Supreme Court to Give the Public Access to Opinions of the Secretive Court’s Work

Secretive Court’s Work
Programmer working in a software development and coding technologies. Website design. Technology concept.

Civil liberties organisations have petitioned the Supreme Court to make decisions of the secretive court that oversees bulk email collection, warrantless internet searches, and other government monitoring programmes available to the public.

In an appeal filed with the high court on Monday, the groups argue that the public has a fundamental right to see major Foreign Intelligence Surveillance Court decisions. They further contend that it is up to the courts, not the executive branch, to determine when views that might impact millions of Americans’ privacy should be made public.

Theodore Olson, the American Civil Liberties Union, Columbia University’s Knight First Amendment Institute, and Yale Law School’s Media Freedom and Information Access Clinic filed the appeal. Olson is a member of the Knight Institute’s board of directors and served as the Bush administration’s top Supreme Court lawyer as the FISA court’s position was expanded following the terrorist attacks of September 11, 2001.

“You’re dealing with court rulings that will have a huge impact on millions of people. In an interview with The Associated Press, Olson said, “The public needs to know the broad strokes of what those decisions are and how far they go.” “I know the government, for the best of intentions, would err on the side of keeping everything hidden because of my familiarity with it.”

The Foreign Intelligence Surveillance Court was established in 1978 to hear FBI requests to listen in on people it suspects of being foreign intelligence agents, such as suspected spies or terrorists. Following the September 11 attacks, Congress extended the court’s jurisdiction to include extensive surveillance programmes.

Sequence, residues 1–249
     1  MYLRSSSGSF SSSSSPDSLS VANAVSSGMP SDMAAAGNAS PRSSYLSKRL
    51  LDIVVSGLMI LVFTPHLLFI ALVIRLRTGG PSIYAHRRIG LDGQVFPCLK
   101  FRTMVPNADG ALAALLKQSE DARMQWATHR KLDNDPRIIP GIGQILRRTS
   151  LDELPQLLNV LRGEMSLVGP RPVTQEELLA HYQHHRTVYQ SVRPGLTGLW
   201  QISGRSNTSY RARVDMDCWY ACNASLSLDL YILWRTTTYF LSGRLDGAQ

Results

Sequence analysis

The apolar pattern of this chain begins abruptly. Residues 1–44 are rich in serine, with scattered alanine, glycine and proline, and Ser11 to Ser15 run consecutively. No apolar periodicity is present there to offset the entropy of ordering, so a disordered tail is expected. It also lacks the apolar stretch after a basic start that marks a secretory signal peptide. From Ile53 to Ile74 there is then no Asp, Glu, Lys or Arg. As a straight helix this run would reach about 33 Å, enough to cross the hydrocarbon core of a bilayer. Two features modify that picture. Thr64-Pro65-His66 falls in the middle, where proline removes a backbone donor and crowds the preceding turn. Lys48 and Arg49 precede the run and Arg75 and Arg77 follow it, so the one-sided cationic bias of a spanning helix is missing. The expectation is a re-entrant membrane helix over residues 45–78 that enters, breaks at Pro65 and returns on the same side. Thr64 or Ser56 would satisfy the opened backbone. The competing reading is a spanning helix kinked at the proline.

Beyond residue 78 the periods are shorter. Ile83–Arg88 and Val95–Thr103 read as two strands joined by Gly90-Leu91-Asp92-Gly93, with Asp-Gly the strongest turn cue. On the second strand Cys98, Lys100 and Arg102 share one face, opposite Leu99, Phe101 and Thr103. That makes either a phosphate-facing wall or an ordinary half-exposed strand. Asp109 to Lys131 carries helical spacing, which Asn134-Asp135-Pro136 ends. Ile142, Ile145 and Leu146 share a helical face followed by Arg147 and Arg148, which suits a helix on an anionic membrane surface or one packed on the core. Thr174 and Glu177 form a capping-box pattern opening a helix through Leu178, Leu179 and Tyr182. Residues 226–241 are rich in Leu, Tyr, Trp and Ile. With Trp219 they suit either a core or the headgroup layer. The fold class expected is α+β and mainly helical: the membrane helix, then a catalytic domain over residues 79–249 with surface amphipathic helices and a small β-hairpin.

Judges have recently ruled that the views requested by the organisations should not be made public, except in censored form, and that they lacked the authority to even suggest doing so.

A clause of legislation passed in 2015 allows the government to consider publishing major FISA court opinions. However, the statute does not extend to judgments written before it was passed, and the executive branch is solely responsible for the review process.

According to the appeal, the First Amendment’s guarantee to press freedom necessitates greater access.

The Justice Department did not respond to a request for comment on the filing on Monday. It must respond to the court by the end of May.

For years, the ACLU has been requesting FISA court decisions, and the latest case dates back to 2016.

“These judgments and orders discuss, among other things, the legality of bulk email searches, the government’s authority to instal malware on Americans’ computers without their knowledge, and the use of warrantless internet surveillance for cybersecurity purposes,” according to the appeal.

Jennifer Thomas
Jennifer Thomas is the Co-founder and Chief Business Development Officer at Cybers Guards. Prior to that, She was responsible for leading its Cyber Security Practice and Cyber Security Operations Center, which provided managed security services.